The Austrian composer Franz Joseph Haydn (1732-1809) in his instrumental music, especially the symphonies and string quartets, essentially founded and brought to first mature realization the formal and structural principles of the classical style.
Joseph Haydn virtually created the classical formal structures of the string quartet and symphony, which were developed later by Wolfgang Amadeus Mozart and Ludwig van Beethoven. He participated in the development of other forms of 18th-century instrumental music, in addition to composing prolifically in the fields of sacred music, opera, and song. Throughout a lifetime of experimentation he developed in the quartet and symphony a fully mature classical tonal idiom, characterized externally by the four-movement structure (allegro, slow movement, minuet and trio, and finale) of the majority of these works and internally by emphasis on thematic and motivic development within a balanced tonal framework. Haydn evolved a tonal language that exhibited a gradual growth toward contrapuntal complexity and a vast range of expression in comparison to the technical simplicity and expressive triviality of much mid-18th-century instrumental music of the style galant.
Haydn was born in Rohrau, Lower Austria, on March 31, 1732. At the age of 8 he became a choirboy at the Cathedral of St. Stephen's in Vienna, remaining there until his dismissal in 1749. By his own account his early years were largely given to self-instruction in music: he developed some facility as a violinist and keyboard player (but he was never a virtuoso performer); he studied briefly with the Italian opera composer and singing master Niccolò Porpora; and he became thoroughly acquainted with Viennese musical life of the period 1740-1760 and knew its leading figures.
Haydn made his first attempts at composition; as he later described them, "I wrote industriously but not quite correctly." His early works included a Singspiel entitled Der krumme Teufel (1752), a few keyboard sonatas and trios, and his first string quartet, written during the 1750s. This first period of his development concluded with 2 years (1758-1760) in private service in Bohemia, during which he evidently composed his first symphony (generally dated 1759).
In Service of Esterházy Family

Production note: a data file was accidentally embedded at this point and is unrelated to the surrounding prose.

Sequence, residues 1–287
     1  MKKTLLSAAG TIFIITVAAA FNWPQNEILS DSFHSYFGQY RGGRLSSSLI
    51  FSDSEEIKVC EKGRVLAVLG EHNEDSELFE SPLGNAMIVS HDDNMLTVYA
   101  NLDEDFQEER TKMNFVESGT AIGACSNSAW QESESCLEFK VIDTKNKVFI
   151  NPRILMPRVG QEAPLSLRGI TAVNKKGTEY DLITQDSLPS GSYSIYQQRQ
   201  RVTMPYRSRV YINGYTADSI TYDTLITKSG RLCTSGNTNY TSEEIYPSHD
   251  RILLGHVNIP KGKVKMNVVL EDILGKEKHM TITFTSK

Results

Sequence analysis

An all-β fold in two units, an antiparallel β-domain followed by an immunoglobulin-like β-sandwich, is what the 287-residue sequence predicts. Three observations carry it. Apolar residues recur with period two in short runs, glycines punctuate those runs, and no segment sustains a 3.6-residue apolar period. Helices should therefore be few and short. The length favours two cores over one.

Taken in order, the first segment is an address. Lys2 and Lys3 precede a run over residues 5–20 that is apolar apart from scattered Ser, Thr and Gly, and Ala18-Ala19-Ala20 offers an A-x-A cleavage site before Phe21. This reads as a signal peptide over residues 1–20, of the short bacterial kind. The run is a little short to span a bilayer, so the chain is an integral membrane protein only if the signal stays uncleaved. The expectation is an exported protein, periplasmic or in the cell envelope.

In 1761 Haydn entered the private service of the noble Hungarian Esterházy family, serving under Prince Paul Esterházy and then, on his death in 1762, under Prince Nicholas. Haydn embarked on the longest and most productive period of private service at a single court enjoyed by any major composer of the 18th century and perhaps of the entire epoch of court patronage of musicians. He remained in the Esterházy service until 1790. At first he held the post of vice kapellmeister, or conductor. In 1766 Prince Nicholas opened a new estate at Esterházy (the previous one had been at Eisenstadt), and that year, on the death of Gregor Werner, Haydn was promoted to kapellmeister.
Haydn was in charge of the musical forces of the court, which included an orchestra of 12 musicians and a group of singers. His duties were to provide two operas and two concerts a week plus a Sunday Mass and whatever additional music might be wanted. Under these conditions his productivity and originality were equally remarkable. As he described it in a famous statement: "As head of an orchestra I could experiment, observe what heightened the effect and what weakened it, and so could improve, expand, cut, take risks; I was cut off from the world, there was no one near me to torment me or make me doubt myself, and so I had to become original."
During the 3 decades of his Esterházy service Haydn's output was prodigious. By 1770 he had produced some 40 symphonies, the quartets up to the six of Opus 9 (1769), much chamber music for baryton (an instrument of the viol family, played by Prince Nicholas), several concertos, operas, keyboard music, and his first Masses. During the period 1771-1780 (called by some biographers his "romantic" period) his music deepened in seriousness and elaborative richness, and he struck out in new paths; as one biographer, E.L. Gerber, put it in 1812: "Haydn's finest symphonic period begins with the year 1770 and from then on gains each year in magnificence." From 1771 and 1772 come the 12 quartets of Opus 17 and Opus 20, with special importance attaching to the latter group, several of which have fugal finales; about 30 more symphonies, including the Mourning Symphony, No. 44, and the Farewell, No. 45 (1772); and about 18 keyboard sonatas, 6 operas and other dramatic music, and two Masses.
Friendship with Mozart
During his last decade in private service, a most important influence on Haydn's music arose from his contact with Mozart. This relationship dates from the time Mozart took up residence in Vienna in 1781; in the next years Haydn came to know him during his trips to Vienna, and they admired each other's music beyond that of any other contemporary. Haydn commented often on Mozart's remarkable gifts and complained bitterly over the lack of recognition and the absence of any permanent post for Mozart comparable to the one Haydn enjoyed. When an official of Prague asked him for an opera in 1787, 2 months after the premiere of Mozart's Don Giovanni there, Haydn declined, saying in part: "It is hardly possible for anyone to stand beside the great Mozart. For if I could impress Mozart's inimitable works as deeply, and with that musical understanding and keen feeling with which I myself grasp and feel them, upon the soul of every music lover … the nations would compete for the possession of such a jewel within their borders."
Haydn's major works of this period seemed to his younger contemporaries to show a considerable influence of Mozart's mature style, and the relationship was openly reciprocal. In this decade Haydn produced about 20 symphonies, including the 6 Paris Symphonies, Nos. 82-87 (1786), and the Oxford Symphony, No. 92 (1788). He also produced the 25 quartets constituting Opus 33 (1781), "written in a new and special manner"; Opus 42 (1785); Opus 50 (1787); Opus 54 and Opus 55 (1789); and Opus 64 (1790). His reputation had by now spread throughout Europe, despite his isolation, owing in part to his being regularly published by a leading Viennese music publisher, Artaria.